Tags: night | shift | diabetes | risk

Night-Shift Work Linked to Diabetes Risk

Wednesday, 07 Dec 2011 11:19 PM




Mixing day and night shifts is associated with a higher risk of type 2 diabetes, according to a study published in the journal PLoS Medicine.

In a study of more than 175,000 women, those who mixed day and night shifts for three to nine years saw a 20 percent rise in diabetes risk; after 10 to 19 years, they had a 40 percent risk and after 20 or more years, they had a 58 percent increased risk in diabetes compared to women who worked just days or just nights.

A lack of physical activity and regular meal times using results from mixed shifts, says lead author An Pan, a research fellow in the Harvard School of Public Health’s department of nutrition.

“We know that a wide range of biological processes are regulated by the circadian rhythms, including sleep-wake cycles, body temperature, energy metabolism, cell cycle and hormone secretion,” Pan explains.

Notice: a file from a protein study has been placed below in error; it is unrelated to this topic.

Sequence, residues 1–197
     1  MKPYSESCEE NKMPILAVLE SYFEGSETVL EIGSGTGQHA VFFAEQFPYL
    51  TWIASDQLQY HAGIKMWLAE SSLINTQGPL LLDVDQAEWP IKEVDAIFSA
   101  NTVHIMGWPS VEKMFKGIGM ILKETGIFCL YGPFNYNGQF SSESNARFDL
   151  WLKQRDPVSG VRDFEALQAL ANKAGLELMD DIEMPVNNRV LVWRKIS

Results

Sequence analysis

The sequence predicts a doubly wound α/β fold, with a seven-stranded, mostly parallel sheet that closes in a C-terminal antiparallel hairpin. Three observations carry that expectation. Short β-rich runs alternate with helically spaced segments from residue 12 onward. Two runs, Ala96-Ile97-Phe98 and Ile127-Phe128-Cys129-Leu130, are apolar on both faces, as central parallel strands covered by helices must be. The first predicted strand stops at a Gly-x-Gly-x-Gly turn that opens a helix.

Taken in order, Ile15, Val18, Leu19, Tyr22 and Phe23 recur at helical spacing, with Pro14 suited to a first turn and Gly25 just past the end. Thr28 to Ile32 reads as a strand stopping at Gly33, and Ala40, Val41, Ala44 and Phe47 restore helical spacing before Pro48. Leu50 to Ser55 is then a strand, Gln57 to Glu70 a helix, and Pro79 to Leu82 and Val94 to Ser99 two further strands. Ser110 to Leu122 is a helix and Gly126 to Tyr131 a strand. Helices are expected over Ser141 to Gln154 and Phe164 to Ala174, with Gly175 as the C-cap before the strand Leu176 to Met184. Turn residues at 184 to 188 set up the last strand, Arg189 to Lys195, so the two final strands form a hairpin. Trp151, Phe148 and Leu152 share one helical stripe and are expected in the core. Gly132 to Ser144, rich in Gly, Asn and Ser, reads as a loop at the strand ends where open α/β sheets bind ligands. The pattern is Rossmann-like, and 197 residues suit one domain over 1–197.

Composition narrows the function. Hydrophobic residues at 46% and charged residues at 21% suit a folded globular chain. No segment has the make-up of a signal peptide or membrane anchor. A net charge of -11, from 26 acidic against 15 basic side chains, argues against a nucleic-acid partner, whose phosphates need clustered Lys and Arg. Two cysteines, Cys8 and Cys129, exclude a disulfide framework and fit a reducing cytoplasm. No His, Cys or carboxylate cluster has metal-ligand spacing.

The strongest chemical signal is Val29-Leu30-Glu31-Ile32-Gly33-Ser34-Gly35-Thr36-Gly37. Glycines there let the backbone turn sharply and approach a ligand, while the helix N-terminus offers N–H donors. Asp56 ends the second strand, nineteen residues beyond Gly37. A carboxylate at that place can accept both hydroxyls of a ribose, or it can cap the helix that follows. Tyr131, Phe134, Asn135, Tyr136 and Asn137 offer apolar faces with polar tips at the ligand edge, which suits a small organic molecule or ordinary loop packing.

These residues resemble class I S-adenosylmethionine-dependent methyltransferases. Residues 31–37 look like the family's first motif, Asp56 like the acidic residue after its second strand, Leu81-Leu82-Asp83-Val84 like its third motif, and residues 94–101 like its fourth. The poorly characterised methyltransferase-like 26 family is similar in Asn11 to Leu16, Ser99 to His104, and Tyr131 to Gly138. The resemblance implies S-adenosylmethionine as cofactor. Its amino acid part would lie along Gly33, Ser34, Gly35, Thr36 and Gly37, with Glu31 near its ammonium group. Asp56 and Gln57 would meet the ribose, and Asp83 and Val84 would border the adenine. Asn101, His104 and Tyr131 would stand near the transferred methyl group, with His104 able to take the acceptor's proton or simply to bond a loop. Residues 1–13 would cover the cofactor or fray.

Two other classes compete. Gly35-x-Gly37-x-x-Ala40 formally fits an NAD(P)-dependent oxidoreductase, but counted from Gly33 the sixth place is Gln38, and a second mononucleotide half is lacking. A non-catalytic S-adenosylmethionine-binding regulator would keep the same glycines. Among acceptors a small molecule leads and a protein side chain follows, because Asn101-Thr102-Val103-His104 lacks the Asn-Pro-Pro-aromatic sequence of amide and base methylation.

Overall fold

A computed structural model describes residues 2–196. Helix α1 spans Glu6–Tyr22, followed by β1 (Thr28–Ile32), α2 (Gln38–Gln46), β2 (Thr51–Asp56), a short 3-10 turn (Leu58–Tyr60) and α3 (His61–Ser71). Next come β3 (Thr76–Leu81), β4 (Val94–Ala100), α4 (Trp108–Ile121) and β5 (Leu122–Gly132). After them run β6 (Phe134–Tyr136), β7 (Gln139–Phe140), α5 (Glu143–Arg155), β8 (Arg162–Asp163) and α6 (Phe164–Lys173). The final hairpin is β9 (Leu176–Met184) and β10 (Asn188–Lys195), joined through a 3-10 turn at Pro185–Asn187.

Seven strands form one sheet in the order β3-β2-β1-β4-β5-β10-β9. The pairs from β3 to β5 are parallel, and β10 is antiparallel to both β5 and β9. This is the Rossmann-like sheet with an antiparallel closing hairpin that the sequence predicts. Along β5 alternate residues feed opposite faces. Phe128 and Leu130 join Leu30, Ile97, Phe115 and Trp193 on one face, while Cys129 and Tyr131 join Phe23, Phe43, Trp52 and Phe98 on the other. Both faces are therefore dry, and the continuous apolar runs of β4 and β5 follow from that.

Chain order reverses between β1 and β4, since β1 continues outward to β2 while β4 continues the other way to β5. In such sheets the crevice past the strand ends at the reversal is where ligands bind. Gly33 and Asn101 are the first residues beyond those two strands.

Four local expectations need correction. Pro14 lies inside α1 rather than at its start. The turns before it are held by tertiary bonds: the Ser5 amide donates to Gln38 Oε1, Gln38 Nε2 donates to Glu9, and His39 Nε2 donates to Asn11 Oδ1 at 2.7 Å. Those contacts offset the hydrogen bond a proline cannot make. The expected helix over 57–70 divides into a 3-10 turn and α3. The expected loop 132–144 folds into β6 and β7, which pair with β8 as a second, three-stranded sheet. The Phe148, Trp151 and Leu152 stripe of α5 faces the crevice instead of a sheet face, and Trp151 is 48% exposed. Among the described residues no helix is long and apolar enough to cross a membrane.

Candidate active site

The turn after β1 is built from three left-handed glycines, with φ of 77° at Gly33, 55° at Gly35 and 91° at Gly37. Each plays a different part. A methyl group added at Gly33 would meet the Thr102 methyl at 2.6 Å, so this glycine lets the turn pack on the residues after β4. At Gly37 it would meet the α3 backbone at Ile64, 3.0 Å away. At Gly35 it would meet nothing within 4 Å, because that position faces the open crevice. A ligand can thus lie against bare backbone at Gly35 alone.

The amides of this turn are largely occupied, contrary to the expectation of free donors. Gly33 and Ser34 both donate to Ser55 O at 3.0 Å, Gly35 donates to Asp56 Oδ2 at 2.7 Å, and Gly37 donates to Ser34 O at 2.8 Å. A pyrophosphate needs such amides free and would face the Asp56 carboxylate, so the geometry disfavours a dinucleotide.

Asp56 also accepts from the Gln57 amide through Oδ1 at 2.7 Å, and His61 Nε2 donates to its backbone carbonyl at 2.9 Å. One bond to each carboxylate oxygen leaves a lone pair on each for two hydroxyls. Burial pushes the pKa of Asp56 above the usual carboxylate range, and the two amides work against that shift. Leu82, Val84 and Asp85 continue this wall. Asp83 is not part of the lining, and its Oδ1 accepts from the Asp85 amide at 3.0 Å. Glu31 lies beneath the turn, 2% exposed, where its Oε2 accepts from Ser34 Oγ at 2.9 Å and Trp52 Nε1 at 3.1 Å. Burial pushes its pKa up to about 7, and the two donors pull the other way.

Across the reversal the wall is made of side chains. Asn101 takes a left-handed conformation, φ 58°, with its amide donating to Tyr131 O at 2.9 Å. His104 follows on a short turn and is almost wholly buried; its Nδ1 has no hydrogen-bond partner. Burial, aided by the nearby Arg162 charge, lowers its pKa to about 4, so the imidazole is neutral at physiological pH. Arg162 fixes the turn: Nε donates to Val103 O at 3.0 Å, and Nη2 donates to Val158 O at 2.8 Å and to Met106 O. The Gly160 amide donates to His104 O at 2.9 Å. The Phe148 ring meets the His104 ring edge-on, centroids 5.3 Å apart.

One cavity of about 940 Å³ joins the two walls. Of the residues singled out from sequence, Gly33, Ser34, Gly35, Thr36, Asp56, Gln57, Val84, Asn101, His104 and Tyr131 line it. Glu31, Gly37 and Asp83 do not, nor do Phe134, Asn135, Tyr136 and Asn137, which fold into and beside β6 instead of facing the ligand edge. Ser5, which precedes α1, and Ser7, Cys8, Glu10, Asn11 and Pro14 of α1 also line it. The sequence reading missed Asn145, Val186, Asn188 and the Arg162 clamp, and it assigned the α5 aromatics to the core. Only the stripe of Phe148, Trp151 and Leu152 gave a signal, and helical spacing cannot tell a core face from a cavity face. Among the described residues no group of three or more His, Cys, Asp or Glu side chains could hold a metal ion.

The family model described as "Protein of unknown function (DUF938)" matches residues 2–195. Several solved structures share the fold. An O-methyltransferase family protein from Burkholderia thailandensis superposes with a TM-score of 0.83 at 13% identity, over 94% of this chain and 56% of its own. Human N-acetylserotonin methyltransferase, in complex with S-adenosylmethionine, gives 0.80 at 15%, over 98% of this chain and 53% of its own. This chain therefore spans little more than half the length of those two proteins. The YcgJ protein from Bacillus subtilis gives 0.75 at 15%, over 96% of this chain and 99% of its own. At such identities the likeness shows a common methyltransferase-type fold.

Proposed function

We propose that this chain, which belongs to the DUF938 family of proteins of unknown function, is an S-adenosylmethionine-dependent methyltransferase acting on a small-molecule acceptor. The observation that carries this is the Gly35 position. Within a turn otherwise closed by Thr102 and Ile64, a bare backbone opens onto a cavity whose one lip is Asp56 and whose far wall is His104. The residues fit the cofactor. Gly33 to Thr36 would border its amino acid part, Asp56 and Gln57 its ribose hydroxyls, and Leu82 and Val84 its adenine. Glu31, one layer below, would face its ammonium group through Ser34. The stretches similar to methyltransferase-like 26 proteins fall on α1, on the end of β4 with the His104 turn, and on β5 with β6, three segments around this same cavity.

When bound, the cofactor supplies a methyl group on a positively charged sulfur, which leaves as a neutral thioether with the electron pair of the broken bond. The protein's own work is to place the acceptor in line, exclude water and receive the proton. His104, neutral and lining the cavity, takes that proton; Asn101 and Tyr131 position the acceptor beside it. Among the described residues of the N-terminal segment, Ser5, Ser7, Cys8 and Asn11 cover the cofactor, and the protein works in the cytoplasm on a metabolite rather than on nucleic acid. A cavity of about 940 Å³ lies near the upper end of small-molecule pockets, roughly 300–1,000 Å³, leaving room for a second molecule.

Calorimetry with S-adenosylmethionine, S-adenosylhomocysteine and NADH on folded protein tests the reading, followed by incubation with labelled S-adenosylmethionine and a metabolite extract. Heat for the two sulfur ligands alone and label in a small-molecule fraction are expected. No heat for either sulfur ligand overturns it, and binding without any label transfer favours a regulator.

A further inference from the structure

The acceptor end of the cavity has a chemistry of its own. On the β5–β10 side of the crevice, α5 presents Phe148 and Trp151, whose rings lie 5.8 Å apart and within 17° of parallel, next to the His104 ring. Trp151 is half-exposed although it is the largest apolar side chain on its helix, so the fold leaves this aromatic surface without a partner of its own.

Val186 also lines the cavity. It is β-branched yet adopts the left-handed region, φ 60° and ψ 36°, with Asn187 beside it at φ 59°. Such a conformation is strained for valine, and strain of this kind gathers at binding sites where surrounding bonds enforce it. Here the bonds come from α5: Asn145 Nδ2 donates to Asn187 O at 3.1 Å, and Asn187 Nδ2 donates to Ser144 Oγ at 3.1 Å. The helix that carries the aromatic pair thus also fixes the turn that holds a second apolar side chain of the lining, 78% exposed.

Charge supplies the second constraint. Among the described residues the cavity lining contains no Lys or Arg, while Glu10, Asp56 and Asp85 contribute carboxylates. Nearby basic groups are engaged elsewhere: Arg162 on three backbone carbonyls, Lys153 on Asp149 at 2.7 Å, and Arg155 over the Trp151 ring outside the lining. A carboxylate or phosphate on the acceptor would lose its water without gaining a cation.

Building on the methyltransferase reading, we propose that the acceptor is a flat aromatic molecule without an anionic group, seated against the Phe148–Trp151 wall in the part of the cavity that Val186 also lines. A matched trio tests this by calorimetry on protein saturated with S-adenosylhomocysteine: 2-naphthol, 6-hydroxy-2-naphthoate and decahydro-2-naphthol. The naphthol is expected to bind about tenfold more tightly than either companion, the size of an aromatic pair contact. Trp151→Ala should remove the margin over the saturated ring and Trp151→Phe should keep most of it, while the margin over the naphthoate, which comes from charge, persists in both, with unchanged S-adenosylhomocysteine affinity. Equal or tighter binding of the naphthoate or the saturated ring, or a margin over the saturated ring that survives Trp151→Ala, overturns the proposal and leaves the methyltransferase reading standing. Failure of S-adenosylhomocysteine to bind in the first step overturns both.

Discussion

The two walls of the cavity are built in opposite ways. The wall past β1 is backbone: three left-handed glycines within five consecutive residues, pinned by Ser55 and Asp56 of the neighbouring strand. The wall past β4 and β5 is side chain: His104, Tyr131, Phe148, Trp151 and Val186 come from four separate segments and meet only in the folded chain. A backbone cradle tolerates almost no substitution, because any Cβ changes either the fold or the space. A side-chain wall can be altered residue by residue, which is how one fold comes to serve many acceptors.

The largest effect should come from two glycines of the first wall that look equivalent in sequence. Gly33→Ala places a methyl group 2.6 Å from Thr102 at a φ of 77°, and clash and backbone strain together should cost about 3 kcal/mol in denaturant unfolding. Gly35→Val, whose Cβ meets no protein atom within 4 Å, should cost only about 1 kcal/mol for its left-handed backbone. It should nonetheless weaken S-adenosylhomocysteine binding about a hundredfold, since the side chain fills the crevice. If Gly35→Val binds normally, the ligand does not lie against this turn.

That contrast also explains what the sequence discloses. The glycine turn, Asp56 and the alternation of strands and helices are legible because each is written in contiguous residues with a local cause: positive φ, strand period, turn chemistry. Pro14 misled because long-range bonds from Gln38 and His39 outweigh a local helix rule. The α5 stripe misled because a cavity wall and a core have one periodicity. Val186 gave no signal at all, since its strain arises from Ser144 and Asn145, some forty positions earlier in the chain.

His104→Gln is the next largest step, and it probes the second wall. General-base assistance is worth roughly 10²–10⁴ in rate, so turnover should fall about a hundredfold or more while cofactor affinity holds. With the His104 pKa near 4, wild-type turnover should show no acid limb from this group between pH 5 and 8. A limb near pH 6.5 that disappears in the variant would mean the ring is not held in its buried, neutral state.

“I think rotating shift work tends to lead to an unhappy lifestyle,” Pan said.

© HealthDay

 
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Those who mixed day and night shifts for three to nine years saw a 20 percent rise in diabetes risk, a study finds.
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2011-19-07
Wednesday, 07 Dec 2011 11:19 PM
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